Last night in Los Angeles, three weeks after the Largo theater promised its mailing list a top-secret show that "you won't regret" seeing, Maya Rudolph and Fred Armisen performed a series of light and effortless vignettes co-written and directed by Paul Thomas Anderson for a packed house that included Jack Black, Paul Dano, and Josh Radnor. With live musical score provided by Jon Brion, the 70-plus minute show about love somehow found a way to be fantastically funny without any milkshake-drinking at all.
The stage was set with a few instruments on the left for Brion and two stools front and center for Rudolph and Armisen. After the audience stood up for a Spanish version of "God Bless America," the actors sat down and got right into it. First up we met a couple whose love for alcohol is at the center of their connection, then a couple getting to know each other over a complicated personality test (Armisen: "Do you often have emotional outbursts without thinking them through?" Rudolph: "What kind of fucking question is that?"), then a third couple on their first date as they discuss stuffed animals (Rudolph: "When I was little, I used to put Snoopy between my legs and just hump him so hard. I humped him and humped him until his nose broke off.").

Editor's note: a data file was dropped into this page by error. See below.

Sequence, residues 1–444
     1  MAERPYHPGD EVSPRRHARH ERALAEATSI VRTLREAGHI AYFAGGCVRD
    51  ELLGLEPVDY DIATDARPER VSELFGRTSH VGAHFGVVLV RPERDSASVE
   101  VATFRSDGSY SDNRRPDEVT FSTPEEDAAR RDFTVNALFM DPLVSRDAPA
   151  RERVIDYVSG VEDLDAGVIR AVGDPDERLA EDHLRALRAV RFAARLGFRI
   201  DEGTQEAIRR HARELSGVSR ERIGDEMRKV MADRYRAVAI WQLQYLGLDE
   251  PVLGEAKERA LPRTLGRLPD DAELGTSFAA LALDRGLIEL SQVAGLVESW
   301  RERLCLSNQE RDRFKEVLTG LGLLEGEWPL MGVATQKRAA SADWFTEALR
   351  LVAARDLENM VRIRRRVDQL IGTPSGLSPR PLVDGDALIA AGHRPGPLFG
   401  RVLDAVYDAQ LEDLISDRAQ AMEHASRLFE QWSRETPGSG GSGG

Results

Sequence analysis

With Anderson whisking the couples from scene to scene quickly enough that we don't dwell on individual bits, and with no story to connect the sketches, we're left with glimpses into the lives of fifteen or so couples, each with their own quirks but all with a strong sense of underlying tenderness. The vignettes, in fact, feel like sneaking a peek at P.T. Anderson's Punch-Drunk Love notepad, exploring that movie's notion that there's someone for everyone, even though everyone is a little bit weird and fucked up. Whatever the future for this show, last night it made us grin like an idiot and tell our friends, "Love is awesome, right?" And hey, only one character died. —Nick Confalone